Art adds to scenery in several sites around Douglas County

Public sculptures going up in 27 locations across five jurisdictions

Posted 7/3/17

A concept formed by the Douglas County Cultural Council, DCCC, in 2006-07 has matured into the 2017 Art Encounters: a display of 27 public sculptures, placed through five communities for the coming year. The DCCC sets aside funds from the Scientific …

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Art adds to scenery in several sites around Douglas County

Public sculptures going up in 27 locations across five jurisdictions

Posted

A concept formed by the Douglas County Cultural Council, DCCC, in 2006-07 has matured into the 2017 Art Encounters: a display of 27 public sculptures, placed through five communities for the coming year. The DCCC sets aside funds from the Scientific and Cultural Facilities District, SCFD, for Highlands Ranch, Lone Tree, Roxborough and Parker. Castle Rock, not in the SCFD District, participates through its Philip S. Miller Trust Fund. These funds implement a part of the county’s Cultural Plan, which calls for a public art program similar to others around Colorado, such as Grand Junction’s Art on the Corner Program.

Highlands Ranch sculptor and arts activist Larry Perkins estimated that 100,000 pats rubbed off the patina on the charming “Deeter and Mollie,” the basset hound bronze that was so popular in front of the Highlands Ranch library a couple of years ago. “Art has a natural visceral appeal to humans — even kids,” Perkins said. (The piece was purchased and resides in Eastridge Recreation Center.)

In the first year, there were 14 sculptures exhibited. Five works from this year’s collection of 27 works are placed in Roxborough — new this year to the program, although it has had an active arts community for years. Lone Tree has four sculptures; Highlands Ranch, seven; Parker, six; and Castle Rock, five.

Artists include: Federico Aguire, Charlotte Zink, Ted Wilson, Joe Burleigh, Sandy Friedman (two), Robert Henderson, Kendra Fleischman, Suzanne Kane (three), Richard Mertineit, Jemmy Descant, Kathryn Vinson, Shannon Bazinga, Matthias Neumann, Jim Choate, Jusin Deuster, David Zvanut, Kyle Ocean (two), Mike Mladjan, Harold Linke, Janene DiRico-Cable, Reno Carrolo, Kimmerjae Johnson, Joe Norman.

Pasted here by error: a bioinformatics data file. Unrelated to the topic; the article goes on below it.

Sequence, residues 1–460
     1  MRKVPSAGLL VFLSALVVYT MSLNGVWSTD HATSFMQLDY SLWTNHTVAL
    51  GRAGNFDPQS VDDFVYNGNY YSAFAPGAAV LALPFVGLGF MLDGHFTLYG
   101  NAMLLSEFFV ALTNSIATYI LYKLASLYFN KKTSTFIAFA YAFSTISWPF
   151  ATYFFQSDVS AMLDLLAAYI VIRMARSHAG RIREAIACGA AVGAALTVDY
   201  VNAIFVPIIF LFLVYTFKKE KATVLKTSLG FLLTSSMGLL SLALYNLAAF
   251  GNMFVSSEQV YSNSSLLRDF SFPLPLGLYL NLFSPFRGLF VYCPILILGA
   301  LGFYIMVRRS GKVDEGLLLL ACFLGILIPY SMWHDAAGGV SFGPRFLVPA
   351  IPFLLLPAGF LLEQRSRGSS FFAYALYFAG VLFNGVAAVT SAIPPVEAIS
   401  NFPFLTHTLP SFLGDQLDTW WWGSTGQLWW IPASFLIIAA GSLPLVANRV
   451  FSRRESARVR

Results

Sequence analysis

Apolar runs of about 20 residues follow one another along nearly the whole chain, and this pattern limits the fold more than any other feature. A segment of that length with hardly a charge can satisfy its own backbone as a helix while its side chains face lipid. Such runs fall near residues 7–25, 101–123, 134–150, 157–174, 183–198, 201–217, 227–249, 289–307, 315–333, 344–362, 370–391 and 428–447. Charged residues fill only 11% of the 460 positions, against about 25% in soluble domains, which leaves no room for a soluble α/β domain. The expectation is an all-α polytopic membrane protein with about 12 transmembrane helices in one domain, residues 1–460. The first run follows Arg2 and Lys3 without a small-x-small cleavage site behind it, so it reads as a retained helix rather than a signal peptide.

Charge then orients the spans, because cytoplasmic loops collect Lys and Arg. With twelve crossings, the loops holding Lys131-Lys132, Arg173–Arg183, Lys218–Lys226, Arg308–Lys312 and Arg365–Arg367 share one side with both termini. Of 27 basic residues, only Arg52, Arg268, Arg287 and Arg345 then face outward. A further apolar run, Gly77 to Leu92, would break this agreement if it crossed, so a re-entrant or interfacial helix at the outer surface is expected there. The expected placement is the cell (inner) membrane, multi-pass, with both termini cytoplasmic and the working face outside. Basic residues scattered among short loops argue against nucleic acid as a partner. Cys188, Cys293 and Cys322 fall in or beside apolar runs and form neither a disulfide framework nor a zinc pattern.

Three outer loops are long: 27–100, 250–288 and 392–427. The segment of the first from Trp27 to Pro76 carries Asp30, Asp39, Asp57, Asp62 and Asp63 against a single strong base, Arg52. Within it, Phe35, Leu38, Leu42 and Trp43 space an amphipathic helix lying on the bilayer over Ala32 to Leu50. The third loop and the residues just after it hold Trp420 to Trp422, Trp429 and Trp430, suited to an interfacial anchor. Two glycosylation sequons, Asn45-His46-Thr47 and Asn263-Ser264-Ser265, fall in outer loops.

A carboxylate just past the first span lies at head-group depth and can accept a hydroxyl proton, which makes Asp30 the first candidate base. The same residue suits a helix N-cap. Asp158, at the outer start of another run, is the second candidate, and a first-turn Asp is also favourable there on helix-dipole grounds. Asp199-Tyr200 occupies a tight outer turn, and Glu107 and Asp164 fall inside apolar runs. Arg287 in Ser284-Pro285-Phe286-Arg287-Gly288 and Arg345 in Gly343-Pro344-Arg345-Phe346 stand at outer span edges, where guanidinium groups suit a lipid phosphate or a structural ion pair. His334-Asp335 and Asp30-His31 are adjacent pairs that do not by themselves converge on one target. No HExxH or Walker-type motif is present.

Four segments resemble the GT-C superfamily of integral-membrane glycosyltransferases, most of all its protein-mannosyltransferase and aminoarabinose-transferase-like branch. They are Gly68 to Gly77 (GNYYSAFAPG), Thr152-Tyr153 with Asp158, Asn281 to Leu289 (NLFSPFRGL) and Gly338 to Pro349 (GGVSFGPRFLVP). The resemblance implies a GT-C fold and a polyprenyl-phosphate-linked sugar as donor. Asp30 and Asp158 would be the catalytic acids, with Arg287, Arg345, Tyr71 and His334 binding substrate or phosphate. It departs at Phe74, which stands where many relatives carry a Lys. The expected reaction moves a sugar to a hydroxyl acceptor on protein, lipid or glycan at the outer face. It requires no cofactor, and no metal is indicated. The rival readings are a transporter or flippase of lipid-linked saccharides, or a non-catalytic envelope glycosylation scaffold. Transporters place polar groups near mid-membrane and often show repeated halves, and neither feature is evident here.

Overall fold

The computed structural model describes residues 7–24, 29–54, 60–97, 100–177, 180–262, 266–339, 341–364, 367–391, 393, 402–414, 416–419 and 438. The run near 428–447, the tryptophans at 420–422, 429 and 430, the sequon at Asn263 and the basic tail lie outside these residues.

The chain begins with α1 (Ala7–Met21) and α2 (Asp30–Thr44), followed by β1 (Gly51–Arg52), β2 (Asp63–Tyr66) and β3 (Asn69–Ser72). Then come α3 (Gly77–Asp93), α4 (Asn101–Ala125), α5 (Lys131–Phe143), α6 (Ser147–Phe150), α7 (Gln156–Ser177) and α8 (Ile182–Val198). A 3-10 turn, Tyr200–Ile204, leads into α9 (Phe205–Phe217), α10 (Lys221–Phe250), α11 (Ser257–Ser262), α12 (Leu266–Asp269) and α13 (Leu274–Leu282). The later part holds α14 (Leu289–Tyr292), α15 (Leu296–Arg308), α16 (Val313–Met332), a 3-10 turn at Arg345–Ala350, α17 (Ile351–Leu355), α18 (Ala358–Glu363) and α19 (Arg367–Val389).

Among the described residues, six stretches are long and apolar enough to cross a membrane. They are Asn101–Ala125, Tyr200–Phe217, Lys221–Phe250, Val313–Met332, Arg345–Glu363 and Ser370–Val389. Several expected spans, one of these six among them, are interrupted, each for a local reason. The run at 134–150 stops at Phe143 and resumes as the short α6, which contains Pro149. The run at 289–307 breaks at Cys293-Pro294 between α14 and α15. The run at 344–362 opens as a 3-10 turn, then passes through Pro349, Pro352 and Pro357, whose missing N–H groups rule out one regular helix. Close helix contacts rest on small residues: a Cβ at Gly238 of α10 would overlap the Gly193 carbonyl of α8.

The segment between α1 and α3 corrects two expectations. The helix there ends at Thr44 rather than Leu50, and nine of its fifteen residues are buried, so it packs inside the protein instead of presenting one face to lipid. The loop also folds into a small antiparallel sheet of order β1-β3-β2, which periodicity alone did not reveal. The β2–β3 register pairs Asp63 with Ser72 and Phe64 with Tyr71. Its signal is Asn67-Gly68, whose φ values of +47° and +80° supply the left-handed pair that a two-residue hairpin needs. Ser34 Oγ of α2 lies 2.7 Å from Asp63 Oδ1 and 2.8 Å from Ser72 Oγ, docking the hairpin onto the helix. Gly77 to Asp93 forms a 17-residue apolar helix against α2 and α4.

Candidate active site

At recreation centers, libraries and elsewhere, one should be able to find a brochure with a list of artists and locations for this year’s widespread exhibit — or find information and picture online.

Residents are encouraged to vote for their favorite online and a “People’s Choice” will be announced, with a $1,000 award to the artist who created it. A Judge’s Award will also be announced, accompanied by a $1,000 check. The 2017 judge is Kendall Peterson.

The program offers a chance for families to go on an excursion. Choose a favorite, absorb the wonder of artists’ imaginations, talk about the processes — and perhaps stop somewhere for ice cream? Then go home, discussing favorites en route — and each family member can vote for a favorite online.

Artists benefit from having a large number of people view their works — a challenge for sculptors, whose art tends to be bulky and hard to move around. Douglas County has created carefully selected sites for sculptures, with concrete pads to hold them secure, and at some locations, plantings that complement them.

New: Load the Otocast app on your phone and experience Art Encounters via a narrated autoguide, learning about the artist and the art as you move among the sculptures. Voices of artists are recorded.

The programs’ mission: Create conversation, thoughtfulness, emotions, meaning and creativity. Establish public art as an essential part of a vibrant community. Experience art, style and expression in many formats.

Artists may want to watch in the fall for the 2018 Call for Artists and participate. “A selection committee will go through everything and choose a range of acceptable work,” said Perkins, who has served on the selection committee and is now on the Douglas County Arts Council. “Jurisdictions then come in to select — in multiple rounds — first one changes every year.” (Highlands Ranch was first this year-with the choice of “Ribbon Dance” by Kendra Fleischman, displayed at Southridge Recreation Center’s portico.) “Every single penny is watched,” he added.

Sara Walla of HRCA said the same installation crew at Highlands Ranch has done it for five years now and knows how to install it well. Each jurisdiction does its own installations.

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